I second that. Dedicated clean dialect / module to clean up messy data in external formats (if possible at all), and make them conformable to respective specifications. This keeps codecs tiny and robust, while untying our hands in how to handle so-called "common out of standards use cases"; and it's a good project idea by itself, that leverages Red's key strengths and can possibly attract users from other languages.

Gregg Irwin
@greggirwin
And is a great parse example. If designed properly, it's also something others can extend.
Petr Krenzelok
@pekr
You have to have two parse passes thru one source, right? Not sure it is a problem, speedwise. But would not work for a "streamed" parser, if we will see it one day?
Vladimir Vasilyev
@9214

Another point that only a few here seems to get (and that @greggirwin already articulated) - if core team, as language designers, accept this proposal, then it opens up a Pandora box for other similar feature requests, with no end in sight. So, I agree with no-comment stance - we need concrete data, not anecdotal evidence, and that's especially crucial with JSON , because, being one of the first codecs, it sets the tone for all future format parsers.

As far as I understand, comments in JSON are used only in configuration files maintaned by humans, and they are never included in API responses and other automatically generated data. And I already said that using JSON for handwritten configs makes no sense in Red universe; so, what we need are examples (both real and hypothetical) of Red interfacing with JSON-based tooling that uses said "messy" configs.

Gregg Irwin
@greggirwin

It's interesting to look at the tradeoffs and design intent behind a spec. IIRC, Crockford wanted to keep JSON's grammar as simple as possible, to facilitate writing correct parsers and consistent generators. Some aspects also came from JS itself of course. Quoting keys, trailing commas, removing comment support, no leading zeros on numbers, unicode char format; all conscious choices.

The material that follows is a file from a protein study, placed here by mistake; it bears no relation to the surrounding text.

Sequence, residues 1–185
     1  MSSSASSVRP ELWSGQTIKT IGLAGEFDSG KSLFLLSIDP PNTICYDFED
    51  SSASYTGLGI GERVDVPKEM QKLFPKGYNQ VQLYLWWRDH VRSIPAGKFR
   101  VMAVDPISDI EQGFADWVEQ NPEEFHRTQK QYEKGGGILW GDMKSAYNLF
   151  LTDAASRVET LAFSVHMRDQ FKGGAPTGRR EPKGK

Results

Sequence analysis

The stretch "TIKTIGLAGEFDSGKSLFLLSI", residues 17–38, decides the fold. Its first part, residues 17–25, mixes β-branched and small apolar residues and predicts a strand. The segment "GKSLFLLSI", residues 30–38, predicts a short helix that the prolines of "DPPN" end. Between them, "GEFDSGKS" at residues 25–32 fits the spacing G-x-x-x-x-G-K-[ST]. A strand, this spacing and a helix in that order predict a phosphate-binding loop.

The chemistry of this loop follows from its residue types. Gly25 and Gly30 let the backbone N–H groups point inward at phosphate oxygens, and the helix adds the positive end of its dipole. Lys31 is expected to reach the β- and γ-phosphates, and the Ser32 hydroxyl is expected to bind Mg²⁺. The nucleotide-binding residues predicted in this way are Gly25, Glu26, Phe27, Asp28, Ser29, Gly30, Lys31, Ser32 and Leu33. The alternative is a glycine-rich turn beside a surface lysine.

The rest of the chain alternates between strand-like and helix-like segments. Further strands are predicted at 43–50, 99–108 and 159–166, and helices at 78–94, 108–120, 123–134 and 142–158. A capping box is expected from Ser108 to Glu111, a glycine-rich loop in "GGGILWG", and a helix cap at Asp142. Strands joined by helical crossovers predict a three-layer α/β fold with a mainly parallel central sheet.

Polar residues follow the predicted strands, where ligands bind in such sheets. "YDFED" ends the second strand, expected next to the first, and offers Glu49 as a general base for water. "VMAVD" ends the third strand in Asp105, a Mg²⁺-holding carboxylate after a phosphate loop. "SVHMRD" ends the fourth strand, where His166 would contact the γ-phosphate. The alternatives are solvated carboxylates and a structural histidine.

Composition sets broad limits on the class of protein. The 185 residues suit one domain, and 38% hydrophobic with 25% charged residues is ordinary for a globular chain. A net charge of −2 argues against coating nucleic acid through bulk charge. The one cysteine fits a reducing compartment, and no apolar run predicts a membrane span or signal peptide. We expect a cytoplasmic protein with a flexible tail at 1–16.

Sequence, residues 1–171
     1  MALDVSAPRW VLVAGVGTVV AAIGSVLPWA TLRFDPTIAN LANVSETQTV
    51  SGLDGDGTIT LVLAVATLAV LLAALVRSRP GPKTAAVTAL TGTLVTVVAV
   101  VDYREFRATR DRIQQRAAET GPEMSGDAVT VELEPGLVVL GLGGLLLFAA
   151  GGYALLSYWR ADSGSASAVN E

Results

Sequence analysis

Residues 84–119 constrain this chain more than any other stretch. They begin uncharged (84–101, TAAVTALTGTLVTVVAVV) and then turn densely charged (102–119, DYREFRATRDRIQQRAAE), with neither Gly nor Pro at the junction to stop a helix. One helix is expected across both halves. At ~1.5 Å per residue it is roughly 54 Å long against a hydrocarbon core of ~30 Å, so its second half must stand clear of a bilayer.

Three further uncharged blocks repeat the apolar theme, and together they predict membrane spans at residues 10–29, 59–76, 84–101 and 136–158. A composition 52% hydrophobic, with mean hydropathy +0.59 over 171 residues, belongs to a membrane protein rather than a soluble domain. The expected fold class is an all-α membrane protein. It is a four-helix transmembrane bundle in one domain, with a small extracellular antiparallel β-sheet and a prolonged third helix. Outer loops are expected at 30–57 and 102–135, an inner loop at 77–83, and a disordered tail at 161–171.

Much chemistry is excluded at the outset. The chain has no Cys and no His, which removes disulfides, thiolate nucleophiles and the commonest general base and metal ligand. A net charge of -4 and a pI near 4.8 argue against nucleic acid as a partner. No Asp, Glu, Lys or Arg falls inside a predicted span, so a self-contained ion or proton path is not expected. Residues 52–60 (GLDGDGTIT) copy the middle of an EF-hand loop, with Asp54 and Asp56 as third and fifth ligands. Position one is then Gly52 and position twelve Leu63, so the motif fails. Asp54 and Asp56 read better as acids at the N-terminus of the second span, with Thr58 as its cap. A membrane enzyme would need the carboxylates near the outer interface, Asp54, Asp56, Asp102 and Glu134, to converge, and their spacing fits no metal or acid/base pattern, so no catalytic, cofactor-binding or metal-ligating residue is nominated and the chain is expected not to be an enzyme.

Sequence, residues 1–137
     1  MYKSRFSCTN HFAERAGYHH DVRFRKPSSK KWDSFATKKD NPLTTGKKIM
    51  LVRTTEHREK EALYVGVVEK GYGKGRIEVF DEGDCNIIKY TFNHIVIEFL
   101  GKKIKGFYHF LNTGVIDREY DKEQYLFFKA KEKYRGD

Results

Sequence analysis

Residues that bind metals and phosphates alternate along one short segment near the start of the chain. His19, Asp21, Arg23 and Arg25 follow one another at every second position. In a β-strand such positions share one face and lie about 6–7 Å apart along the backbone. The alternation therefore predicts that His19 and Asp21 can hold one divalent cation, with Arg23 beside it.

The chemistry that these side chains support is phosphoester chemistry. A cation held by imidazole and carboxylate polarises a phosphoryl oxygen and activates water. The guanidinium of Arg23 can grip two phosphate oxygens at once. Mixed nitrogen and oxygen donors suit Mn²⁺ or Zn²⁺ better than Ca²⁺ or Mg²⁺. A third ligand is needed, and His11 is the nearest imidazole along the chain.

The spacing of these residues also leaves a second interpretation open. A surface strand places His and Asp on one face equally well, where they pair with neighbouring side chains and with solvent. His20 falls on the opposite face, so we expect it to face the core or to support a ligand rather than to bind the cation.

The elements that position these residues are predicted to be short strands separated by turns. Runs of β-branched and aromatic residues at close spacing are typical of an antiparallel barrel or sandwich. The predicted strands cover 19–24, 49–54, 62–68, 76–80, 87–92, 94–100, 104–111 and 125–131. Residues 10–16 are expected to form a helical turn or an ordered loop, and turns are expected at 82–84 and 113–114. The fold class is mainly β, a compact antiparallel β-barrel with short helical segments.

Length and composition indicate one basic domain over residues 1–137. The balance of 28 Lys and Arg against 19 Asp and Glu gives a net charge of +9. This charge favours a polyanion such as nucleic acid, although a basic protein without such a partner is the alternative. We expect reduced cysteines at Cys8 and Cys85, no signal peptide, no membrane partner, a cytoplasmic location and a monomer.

For us, it's also interesting to note that Rebol never had a formal grammar defined. @meijeru has taken on the monumental task of formalizing one for Red, which covers a lot. We offer libRed for others, so we are the reference standard, but Ren (ren-data.org) was intended to be a Redbol spin on JSON. Define literal forms that could be consistently shared between implementations. I still want to revive that, but there are open questions to be answered.

We make these choices all the time, and few are easy. Consider date!'s format. It now supports T as well as / as the time separator, which Rebol consciously did not. We believe / is a better fit for our world, but T makes it match the ISO8601 spec, which is widely used. But note that we don't make T the default. We need to move forward, and make Red the best it can be, while still helping people adopt it. Helpers and band-aids may seem inconvenient, but the idea is that they can be added if needed, and removed over time, without affecting the core.

Dave Andersen
@dander
My sense is that most people using the tools just don't want to be blocked because they can't load a document. Whether that is possible from the built in codec or a separate module is probably less important to a user of Red than whether they need to write their own parser or not. I understand that cleaning data is a big part of AI work too. That sounds like a great project
Gregg Irwin
@greggirwin
I should have said RFC3339, rather than ISO8601 above.
Nenad Rakocevic
@dockimbel
FYI, we have postponed the switch of View code to a submodule to tomorrow morning, as we are not fully ready yet.
GaryMiller
@GaryMiller
Apparently almost 62,000 Javascript users can't live without JSON comments! https://www.npmjs.com/package/comment-json
Nenad Rakocevic
@dockimbel

@GaryMiller

supports comments everywhere, yes, EVERYWHERE in a JSON file, eventually
Stringify the objects into JSON strings with comments if there are

So fully non-compliant with all the official JSON specs! :+1:

Nenad Rakocevic
@dockimbel
From what I can find online, there's 10M+ JS developers in the world, so:
>> to-percent 62e3 / 10e6
== 0.62%
Gregg Irwin
@greggirwin